Less than three weeks ago, the Indiana Pacers were the talk of the NBA. After defeating the Miami Heat 94-75 in Game 3 of the Eastern Conference semifinals, the Pacers had a 2-1 lead on the team everyone "loves to hate."
Miami had no answer for Pacers' big man Roy Hibbert.
Indiana's defense made Dwyane Wade almost invisible.
However, as the series progressed, Wade looked like his old self and posted totals of 30, 28 and 41 points, while Hibbert's dominance was halted by the Heat.
Miami defeated Indiana 4-2 in the series and advanced to the Eastern Conference Finals against the Boston Celtics. The Pacers failed to play the role of David against the Miami Heat's Goliath, but they proved themselves to the world.
The Indiana Pacers are for real.
Although the Chicago Bulls and Miami Heat are widely considered to be the two best teams in the East at full strength, Indiana has every ingredient needed to be an elite basketball team.
To be considered a complete lineup, a team must meet several criteria.
Point guard? Check.
Despite his name sounding more like that of a politician than an NBA star, George Hill can shoot, and his length makes him a nightmare for opposing point guards. Behind Hill, the Pacers boast another point guard capable of starting for an NBA team—Darren Collison.
Perimeter scorers? Check.
Between Paul George and Danny Granger, the Pacers feature two versatile scoring threats capable of shooting the three or taking it hard to the rim. Granger is an All-Star caliber player, who plays an important role not only to Indiana's offensive attack, but Frank Vogel trusts him to guard the opposing team's best player, even in the case of MVP LeBron James.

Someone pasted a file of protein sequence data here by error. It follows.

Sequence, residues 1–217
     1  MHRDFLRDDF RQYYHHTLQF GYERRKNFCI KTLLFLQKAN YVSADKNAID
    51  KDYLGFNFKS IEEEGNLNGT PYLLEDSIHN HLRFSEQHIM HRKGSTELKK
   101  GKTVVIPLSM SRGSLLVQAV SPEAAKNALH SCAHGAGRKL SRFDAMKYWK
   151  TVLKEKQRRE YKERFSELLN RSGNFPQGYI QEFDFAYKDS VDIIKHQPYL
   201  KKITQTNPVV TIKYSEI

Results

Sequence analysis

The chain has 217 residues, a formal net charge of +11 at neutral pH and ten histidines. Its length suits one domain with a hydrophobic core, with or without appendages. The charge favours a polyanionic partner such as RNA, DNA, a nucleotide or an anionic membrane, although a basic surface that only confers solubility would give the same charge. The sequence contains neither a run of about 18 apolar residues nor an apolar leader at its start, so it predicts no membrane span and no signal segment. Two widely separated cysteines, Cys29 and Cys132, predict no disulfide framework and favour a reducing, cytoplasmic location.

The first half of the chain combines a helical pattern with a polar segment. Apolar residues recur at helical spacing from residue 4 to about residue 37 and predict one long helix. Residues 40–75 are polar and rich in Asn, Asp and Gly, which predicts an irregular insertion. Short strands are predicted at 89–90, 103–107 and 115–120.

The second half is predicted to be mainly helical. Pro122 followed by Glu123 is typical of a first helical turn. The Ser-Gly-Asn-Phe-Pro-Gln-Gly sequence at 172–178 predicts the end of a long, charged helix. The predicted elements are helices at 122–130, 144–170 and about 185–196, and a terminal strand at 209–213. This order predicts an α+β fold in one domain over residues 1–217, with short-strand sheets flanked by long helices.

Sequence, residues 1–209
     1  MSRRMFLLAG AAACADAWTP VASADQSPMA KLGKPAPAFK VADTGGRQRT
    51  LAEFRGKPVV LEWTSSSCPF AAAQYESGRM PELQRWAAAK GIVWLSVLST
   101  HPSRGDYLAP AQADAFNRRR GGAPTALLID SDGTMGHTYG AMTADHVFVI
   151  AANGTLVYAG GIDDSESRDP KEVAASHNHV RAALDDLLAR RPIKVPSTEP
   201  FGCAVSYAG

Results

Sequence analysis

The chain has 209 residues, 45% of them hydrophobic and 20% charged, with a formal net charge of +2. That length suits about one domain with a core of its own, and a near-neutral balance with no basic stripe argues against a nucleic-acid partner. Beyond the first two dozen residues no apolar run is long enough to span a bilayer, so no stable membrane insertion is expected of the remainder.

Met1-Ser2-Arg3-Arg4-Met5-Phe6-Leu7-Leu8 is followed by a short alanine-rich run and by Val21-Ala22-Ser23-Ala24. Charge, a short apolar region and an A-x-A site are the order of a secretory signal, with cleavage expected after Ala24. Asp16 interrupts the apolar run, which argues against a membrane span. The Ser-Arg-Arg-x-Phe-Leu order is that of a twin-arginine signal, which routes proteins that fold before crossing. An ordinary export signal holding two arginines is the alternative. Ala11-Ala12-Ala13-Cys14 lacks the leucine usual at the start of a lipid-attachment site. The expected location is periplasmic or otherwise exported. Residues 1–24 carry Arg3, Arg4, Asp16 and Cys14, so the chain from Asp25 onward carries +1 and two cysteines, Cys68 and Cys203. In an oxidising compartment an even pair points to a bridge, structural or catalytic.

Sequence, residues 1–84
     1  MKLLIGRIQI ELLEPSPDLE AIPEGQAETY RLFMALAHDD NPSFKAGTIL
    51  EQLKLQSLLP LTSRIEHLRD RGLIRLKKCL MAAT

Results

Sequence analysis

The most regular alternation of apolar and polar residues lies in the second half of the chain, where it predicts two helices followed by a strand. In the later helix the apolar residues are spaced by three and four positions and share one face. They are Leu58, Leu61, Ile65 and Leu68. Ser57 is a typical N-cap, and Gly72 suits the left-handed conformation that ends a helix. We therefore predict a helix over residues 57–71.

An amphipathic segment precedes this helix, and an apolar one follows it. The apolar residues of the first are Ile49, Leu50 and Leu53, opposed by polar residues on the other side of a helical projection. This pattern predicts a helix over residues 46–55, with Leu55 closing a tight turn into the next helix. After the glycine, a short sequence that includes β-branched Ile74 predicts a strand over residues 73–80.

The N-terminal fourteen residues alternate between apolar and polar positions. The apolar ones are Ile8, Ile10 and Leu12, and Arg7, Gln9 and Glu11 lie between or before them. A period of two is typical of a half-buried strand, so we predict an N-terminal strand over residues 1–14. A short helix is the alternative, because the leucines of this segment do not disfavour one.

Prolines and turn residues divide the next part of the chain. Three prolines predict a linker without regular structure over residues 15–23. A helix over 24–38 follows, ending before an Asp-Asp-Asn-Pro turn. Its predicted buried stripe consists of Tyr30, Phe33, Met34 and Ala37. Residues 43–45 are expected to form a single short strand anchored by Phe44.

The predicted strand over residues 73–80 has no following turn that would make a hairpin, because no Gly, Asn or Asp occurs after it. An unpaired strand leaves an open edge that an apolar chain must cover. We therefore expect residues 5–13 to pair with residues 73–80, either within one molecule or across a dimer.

Post players that can score and block shots? Check.
In a league with only a handful of elite post players, Indiana certainly has one of the better ones in Hibbert. His 7'2" frame not only prevents offenses from attacking the lane, he also has the rare ability to step away from the basket and hit the mid-range jump shot. Alongside the All-Star center, forward David West is one of the NBA's most underrated players, and he's a true "tough guy."
There are any number of reasons to like the Pacers as a basketball team, but what makes Indiana a serious contender for years to come?
The NBA is driven upon its "star power." No other major sport relies as heavily on individual players more than pro basketball.
Most of today's top players are ultra-athletic swing men, but even more rare, and perhaps more valuable, are elite post players. Orlando, for the time being, has the league's top big man in Dwight Howard, and the Lakers have an elite post player in the often unpredictable Andrew Bynum.
After those two, Roy Hibbert is certainly in the conversation as to the NBA's third-best center.
Hibbert averaged 12.8 points and 8.8 rebounds per game this past regular season, but his Game 3 performance of 19 points and 18 boards against the Miami Heat showed truly how dominant he can be.
Scheduled to make about $3.6 million next year, Hibbert is sure to receive a hefty paycheck next offseason.
Danny Granger is as well-known as he's ever been throughout his seven-year career.
However, although his name recognition has increased due to the Pacers playing in the Eastern Conference semifinals, Granger's average of 18.7 points per game was only his fifth-most productive season in terms of scoring.